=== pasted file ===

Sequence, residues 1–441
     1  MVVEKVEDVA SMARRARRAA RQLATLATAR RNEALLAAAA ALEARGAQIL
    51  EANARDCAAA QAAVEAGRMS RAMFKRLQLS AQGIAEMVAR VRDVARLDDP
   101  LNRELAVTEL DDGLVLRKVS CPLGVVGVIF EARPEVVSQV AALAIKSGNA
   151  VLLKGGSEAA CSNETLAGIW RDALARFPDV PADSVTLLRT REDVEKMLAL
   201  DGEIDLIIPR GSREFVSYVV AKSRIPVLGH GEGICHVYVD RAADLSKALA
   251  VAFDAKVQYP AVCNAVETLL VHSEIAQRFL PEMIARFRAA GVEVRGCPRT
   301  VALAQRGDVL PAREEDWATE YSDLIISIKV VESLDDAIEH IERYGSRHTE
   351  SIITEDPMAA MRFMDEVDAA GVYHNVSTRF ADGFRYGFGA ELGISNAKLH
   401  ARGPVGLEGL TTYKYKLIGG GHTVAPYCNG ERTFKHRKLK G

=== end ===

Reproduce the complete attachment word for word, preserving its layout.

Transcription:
Sequence, residues 1–441
     1  MVVEKVEDVA SMARRARRAA RQLATLATAR RNEALLAAAA ALEARGAQIL
    51  EANARDCAAA QAAVEAGRMS RAMFKRLQLS AQGIAEMVAR VRDVARLDDP
   101  LNRELAVTEL DDGLVLRKVS CPLGVVGVIF EARPEVVSQV AALAIKSGNA
   151  VLLKGGSEAA CSNETLAGIW RDALARFPDV PADSVTLLRT REDVEKMLAL
   201  DGEIDLIIPR GSREFVSYVV AKSRIPVLGH GEGICHVYVD RAADLSKALA
   251  VAFDAKVQYP AVCNAVETLL VHSEIAQRFL PEMIARFRAA GVEVRGCPRT
   301  VALAQRGDVL PAREEDWATE YSDLIISIKV VESLDDAIEH IERYGSRHTE
   351  SIITEDPMAA MRFMDEVDAA GVYHNVSTRF ADGFRYGFGA ELGISNAKLH
   401  ARGPVGLEGL TTYKYKLIGG GHTVAPYCNG ERTFKHRKLK G